In the past three weeks, more than 6,000 U. S. Army captains have accepted payments of $25,000 to $35,000 to serve three more years.
Defense Secretary Robert M. Gates approved the incentives last month as a temporary measure to retain “a generation of junior and mid-level officers and NCOs who have been tested in battle like none other in decades."
The money is paltry compared to the billions involved in fighting the war in Iraq, but it sheds light on the human costs of our continuing presence there.
"In the Army there has never been anything like this in memory," said Col. Paul Aswell, director of officer policy for Army personnel. "The bonuses are...a measure of payback to the family. They get this windfall to ease some of the pain of service in this environment."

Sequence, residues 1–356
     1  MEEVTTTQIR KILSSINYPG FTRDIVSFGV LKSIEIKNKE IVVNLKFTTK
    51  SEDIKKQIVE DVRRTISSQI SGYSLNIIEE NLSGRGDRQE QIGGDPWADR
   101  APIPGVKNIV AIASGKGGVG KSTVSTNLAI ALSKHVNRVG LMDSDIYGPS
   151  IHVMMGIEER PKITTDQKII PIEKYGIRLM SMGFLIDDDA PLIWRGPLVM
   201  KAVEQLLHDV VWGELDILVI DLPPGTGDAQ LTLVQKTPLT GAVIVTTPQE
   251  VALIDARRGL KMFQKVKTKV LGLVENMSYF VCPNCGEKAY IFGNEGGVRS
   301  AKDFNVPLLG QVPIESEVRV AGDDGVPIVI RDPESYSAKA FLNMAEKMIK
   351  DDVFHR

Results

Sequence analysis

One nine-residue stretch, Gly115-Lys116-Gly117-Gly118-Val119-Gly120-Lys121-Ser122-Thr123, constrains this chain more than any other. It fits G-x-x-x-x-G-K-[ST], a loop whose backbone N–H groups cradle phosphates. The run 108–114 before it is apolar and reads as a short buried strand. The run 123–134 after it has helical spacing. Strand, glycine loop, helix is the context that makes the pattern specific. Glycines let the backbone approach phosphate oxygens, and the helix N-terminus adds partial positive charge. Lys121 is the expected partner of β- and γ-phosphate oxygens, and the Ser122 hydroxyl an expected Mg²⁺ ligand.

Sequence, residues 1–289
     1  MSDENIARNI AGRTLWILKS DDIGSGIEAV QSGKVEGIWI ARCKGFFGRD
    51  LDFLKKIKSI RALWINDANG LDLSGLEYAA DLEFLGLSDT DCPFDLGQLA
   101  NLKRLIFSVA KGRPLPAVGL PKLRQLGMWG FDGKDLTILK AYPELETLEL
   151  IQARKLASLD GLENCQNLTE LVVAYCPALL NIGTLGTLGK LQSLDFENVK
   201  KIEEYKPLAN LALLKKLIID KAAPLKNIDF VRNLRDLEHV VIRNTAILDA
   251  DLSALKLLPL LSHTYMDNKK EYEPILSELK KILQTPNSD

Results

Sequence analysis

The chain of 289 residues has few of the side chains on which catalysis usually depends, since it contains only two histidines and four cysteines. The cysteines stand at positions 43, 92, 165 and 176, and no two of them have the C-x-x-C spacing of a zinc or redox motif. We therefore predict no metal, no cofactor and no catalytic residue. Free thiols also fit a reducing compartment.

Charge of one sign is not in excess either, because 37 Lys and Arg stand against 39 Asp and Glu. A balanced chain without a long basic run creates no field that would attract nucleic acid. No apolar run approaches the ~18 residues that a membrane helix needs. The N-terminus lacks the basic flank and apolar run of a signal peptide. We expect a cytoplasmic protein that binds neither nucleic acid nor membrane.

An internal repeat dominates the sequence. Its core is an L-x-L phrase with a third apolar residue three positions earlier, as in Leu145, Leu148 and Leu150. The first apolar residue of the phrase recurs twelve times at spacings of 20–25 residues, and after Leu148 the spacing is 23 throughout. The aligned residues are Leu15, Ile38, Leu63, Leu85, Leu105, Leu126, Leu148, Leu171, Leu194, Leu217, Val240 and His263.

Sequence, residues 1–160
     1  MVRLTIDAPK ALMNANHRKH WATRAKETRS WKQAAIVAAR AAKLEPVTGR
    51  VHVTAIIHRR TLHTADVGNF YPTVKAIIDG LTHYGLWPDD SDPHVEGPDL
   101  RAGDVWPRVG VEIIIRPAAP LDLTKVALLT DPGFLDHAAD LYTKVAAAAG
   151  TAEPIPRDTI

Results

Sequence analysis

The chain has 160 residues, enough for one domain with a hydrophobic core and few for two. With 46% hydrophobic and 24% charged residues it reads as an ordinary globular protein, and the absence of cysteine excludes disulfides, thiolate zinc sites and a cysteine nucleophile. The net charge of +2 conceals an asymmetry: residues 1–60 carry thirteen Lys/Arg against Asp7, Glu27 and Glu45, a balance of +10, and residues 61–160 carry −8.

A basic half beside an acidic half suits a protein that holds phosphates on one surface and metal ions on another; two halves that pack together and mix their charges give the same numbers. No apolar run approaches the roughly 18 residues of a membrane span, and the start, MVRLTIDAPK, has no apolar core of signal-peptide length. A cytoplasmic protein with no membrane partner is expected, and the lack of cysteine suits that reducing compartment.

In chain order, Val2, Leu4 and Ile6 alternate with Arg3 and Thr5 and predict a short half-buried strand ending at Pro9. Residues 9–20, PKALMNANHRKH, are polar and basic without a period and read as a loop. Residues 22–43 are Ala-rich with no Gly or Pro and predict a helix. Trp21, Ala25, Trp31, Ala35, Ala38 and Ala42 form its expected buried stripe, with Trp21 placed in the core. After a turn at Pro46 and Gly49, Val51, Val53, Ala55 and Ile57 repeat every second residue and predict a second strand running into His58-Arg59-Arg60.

The Washington Post reports a Brigadier General’s comment: "For a young family, these captains have known nothing but war and nonstop deployments. No amount of money can compensate me for missing...my daughter's first play.”
No taxpayer will begrudge this “windfall” for those who pay the real price for prolonging a pointless war, but anyone with financial qualms might want to compare an Army captain’s salary of up to $60,000 a year with the $445,000 it takes to keep a Blackwater guard there.
Honorable service is much cheaper to buy than the efforts of those who besmirch the nation’s reputation by killing innocent civilians.